Most of us have heard it before: "Budgets are going to be tight this year/quarter", blah blah. If you're lucky, they follow up with details on where those cuts will be applied. However, in most cases it's left to guess, and that ends up draining a few bottles of liquor, some bottles of Xanax and a couple of boxes of tissues.
Rather than leave management to roll the dice, I thought I'd offer my personal spin on how budget cuts can be applied in ways that mitigate staffing and position reductions, while improving both employee morale and the "bottom line". Mmmm-kay? Let's look.
1. Restroom Optimization
Remove one toilet or urinal from every restroom in every facility. That will cut back on water consumption, toilet paper, and encourage employees to hold it in until they leave work. That will keep them at their desks for a longer portion of their work day.
2. Premium Services
Install credit/debit card swipe locks on every restroom door. Require employees to pay to use your expensive, and well-kept facilities. After all: your company buys only the absolute highest quality toilet tissues, cut from the choicest trees in the farthest reaches of the Amazon rainforest. Why not pass that value and respect along to your staff as well?
Encourage your staff to focus on exercise by reducing the usable area of parking lots and parking spaces around your facilities. That will allow you to re-purpose the land for more business-oriented uses. The remaining spots should require a decal or badge in order to park, and those should require an annual fee to be paid by the employee. Colleges have been doing this for decades. They're smart people, aren't they? So why not follow their lead?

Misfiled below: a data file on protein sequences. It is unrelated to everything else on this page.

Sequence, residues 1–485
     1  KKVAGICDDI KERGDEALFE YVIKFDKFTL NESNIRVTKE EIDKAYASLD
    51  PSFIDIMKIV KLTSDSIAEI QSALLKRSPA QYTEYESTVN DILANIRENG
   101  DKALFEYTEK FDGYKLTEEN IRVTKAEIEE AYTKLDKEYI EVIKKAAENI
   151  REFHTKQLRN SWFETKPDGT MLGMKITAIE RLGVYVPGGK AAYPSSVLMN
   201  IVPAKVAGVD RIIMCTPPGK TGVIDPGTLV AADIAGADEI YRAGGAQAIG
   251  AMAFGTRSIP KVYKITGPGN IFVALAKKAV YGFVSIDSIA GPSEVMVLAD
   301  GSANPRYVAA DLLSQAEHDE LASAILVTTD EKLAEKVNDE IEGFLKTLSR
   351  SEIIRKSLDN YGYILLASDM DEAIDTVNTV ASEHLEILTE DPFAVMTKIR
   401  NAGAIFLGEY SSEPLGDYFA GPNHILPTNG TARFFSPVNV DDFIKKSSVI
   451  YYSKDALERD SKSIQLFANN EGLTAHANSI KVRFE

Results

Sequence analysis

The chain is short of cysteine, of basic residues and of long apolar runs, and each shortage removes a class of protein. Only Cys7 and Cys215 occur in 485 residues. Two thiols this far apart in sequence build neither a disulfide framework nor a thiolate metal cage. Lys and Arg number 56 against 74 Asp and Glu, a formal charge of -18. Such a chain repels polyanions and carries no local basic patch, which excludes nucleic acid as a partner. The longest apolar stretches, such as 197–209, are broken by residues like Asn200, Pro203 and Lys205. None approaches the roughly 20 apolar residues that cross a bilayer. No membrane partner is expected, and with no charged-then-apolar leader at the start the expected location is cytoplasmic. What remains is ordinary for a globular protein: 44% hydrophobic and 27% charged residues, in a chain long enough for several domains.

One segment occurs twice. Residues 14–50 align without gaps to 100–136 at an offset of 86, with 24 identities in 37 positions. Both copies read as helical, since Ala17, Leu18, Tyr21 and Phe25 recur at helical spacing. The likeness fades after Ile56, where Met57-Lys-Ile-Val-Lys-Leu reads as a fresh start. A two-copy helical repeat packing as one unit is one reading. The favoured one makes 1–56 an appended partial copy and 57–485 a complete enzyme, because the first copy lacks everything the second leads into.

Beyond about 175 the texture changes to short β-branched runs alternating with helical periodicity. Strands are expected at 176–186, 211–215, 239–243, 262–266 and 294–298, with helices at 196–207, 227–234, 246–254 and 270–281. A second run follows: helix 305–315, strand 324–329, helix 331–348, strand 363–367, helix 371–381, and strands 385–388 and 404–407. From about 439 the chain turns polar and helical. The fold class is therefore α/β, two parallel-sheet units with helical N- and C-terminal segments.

Nothing builds team spirit and morale quite like social events. Some that you could consider might include "spin-the-layoff-wheel", or "race for a restroom". The former would encourage your staff by allowing the highest score person to name another employee to lay-off or terminate (don't forget those folks in states like Virginia, where they have the convenient "work-at-will" laws). The latter would allow the fastest runner to use the restroom free of charge for one whole day! How awesome would that be! I'm sure you can think of others to consider. Just be sure to focus on "what's good for the company" when planning such activities.
Employees often complain they're not challenged with interesting work. So, why not challenge them with randomly-selected secondary job titles? So, those "system engineer" folks can also add "custodial engineer" or "landscape services" to their resume. The career-building potential would be incredible.